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Mere06, November 15,  2020  3:19pm EST

Heart failure EF10%

I'm 38 yrs old,  I'm a mom a 15 year old with congestive heart failure. I got congestive heart failure after giving birth to my daughter in 2005 my heart has declined over the years. So I've been fighting this heart disease for 15 years as it has decline. I've had a heart attack on Mother's Day and a  stroke in December  in 2019. I've had to slow down with working and stop working  due to my heart disease declining.  Since I get disability  Medicaid is counting my disability as income so I definitely cannot make any additional income that I was told by my case worker that's handling my Medicaid and food assistance. I can't afford to lose my benefits so I can't work. My disability is just enough to pay my rent, not my bills and to take care of my daughter and I. I don't know how they expect for me to survive and take care of my household and the bills I have .  If I work they will take our Medicaid. My daughter depends on me and needs me. They are putting me in poverty  to the point of a chance of losing my home  and my bills being disconnected and stopped  or cut off . I'm all I got and I'm struggling like you wouldn't believe. It's a scary place to be. Makes me worry a lot. The system is not fair to me and to eveyone else. I've had a defibrillator put in and eventually ended up with a pacemaker. Going through this journey with my heart I take pictures of everything that I'm going through dealing with my heart disease. I'm fighting this heart disease every single day and thanking God every time I'm able to wake up and see another day and to see my daughter. I'm not going to lose my life due to this heart disease. I'M A FIGHTER!! I've been shocked by my pacemaker 6 time at once and then two times at once in a couple of months later. I wouldn't wish it on anyone because it hurts like you wouldn't believe. As my heart declined I eventually had to end up getting a an LVAD January 2020 to help my heart pump blood to the rest of my organs.  I almost lost my life in January. They had to resuscitate me that I ended up on life support because I couldn't breathe on my own after getting the LVAD. To keep me from having another heart attack or stroke they had to put me on blood thinners coumadin warfarin so I wouldn't get another blood clot. I'm very blessed more than you know. After all of these episodes I've had I had to go to rehab Rehabilitation  hospital to learn how to walk all over again, that pertaining to me learning how to control my body trunk to be able to hold myself up, learn how to write and speak without slurring my words, having a hard time getting my words out and a hard time thinking of what I'm going to say to I had to have speech therapy. I feel better now that I have the LVAD I'm not a 100% until I get my heart. I still have heart failure . I'm able to do some things more than I was able to do after I got the LVAD . I'm adjusting to the LVAD and it saved my life. I'm in need of a heart transplant because of my heart getting weaker.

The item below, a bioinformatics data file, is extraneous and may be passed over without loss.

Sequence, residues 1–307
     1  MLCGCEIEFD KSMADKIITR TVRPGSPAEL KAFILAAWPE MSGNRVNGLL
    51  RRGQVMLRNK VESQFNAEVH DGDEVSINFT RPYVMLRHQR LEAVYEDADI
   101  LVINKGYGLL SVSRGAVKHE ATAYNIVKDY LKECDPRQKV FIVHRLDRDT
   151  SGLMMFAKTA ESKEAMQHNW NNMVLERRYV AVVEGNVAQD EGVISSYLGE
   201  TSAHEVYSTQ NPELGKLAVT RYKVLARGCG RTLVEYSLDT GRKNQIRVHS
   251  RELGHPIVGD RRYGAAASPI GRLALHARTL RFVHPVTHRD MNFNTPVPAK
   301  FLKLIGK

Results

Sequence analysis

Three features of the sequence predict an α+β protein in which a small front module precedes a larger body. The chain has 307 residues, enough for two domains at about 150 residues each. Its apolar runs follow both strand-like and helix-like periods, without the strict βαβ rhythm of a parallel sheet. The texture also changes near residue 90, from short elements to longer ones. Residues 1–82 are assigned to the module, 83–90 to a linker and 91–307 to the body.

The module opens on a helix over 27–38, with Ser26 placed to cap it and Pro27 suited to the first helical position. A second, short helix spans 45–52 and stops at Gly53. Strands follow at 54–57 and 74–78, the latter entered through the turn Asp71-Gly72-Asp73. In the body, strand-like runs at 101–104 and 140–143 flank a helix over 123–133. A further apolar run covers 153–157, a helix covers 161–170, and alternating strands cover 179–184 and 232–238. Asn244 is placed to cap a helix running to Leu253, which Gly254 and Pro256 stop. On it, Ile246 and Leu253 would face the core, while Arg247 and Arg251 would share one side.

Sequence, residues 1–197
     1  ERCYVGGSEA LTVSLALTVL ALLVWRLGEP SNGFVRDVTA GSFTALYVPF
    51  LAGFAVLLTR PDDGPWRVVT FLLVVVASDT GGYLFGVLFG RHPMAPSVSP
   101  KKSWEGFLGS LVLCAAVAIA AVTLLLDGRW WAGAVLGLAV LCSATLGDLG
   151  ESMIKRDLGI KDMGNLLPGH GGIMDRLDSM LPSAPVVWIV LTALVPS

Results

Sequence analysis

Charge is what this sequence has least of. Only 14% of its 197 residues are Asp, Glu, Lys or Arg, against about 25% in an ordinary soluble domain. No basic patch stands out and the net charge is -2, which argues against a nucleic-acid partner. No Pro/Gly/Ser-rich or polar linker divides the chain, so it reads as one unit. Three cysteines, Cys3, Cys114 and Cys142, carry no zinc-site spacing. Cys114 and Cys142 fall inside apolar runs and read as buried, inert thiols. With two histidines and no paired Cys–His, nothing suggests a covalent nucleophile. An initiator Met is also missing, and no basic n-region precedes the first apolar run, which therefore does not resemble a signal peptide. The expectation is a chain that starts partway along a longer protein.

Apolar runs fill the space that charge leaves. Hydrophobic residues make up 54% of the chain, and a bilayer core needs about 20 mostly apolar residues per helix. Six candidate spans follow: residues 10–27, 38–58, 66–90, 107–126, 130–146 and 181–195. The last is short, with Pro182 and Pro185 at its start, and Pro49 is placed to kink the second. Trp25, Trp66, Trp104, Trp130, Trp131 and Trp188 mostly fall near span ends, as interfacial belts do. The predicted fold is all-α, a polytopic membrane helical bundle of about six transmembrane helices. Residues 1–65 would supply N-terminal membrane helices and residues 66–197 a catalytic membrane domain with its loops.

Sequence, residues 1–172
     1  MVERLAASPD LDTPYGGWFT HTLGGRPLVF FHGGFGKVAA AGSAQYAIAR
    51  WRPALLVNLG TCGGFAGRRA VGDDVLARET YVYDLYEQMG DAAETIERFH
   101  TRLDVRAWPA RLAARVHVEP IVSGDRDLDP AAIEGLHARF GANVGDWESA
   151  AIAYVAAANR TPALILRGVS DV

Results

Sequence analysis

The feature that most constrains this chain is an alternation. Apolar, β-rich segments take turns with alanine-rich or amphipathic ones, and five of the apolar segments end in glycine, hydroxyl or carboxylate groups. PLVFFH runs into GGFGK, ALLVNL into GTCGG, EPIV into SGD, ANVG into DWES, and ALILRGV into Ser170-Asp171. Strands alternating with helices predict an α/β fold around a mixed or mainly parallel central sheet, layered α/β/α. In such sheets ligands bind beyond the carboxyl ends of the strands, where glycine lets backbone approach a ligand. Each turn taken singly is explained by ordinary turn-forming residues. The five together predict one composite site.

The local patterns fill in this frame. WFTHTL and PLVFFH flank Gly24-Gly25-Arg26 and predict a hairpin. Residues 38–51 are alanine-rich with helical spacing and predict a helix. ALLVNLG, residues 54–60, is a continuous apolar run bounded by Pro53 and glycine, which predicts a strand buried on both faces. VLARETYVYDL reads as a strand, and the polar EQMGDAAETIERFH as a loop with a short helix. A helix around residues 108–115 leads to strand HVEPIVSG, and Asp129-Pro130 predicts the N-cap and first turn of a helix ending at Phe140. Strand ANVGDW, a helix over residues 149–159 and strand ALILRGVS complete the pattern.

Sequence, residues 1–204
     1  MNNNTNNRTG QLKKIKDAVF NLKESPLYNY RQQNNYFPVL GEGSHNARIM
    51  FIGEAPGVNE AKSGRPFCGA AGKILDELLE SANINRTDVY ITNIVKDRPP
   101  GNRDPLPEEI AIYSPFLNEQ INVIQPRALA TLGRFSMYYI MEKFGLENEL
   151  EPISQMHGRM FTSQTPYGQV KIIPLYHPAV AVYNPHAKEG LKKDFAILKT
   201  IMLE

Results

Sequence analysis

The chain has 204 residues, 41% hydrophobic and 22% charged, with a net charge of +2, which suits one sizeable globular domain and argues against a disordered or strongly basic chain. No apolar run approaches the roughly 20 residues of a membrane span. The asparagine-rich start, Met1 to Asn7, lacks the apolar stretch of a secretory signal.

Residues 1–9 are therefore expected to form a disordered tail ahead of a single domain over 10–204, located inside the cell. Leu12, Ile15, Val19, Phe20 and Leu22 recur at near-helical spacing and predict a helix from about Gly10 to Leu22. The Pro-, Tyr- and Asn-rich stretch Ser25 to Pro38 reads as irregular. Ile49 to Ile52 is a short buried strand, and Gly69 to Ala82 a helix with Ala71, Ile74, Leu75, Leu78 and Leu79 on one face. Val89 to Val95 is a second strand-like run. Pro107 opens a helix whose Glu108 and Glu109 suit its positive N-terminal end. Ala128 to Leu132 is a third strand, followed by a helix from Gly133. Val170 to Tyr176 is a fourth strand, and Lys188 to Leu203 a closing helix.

4 Replies
  • AHAASAKatie
    AHAASAKatie, November 16,  2020  9:13am EST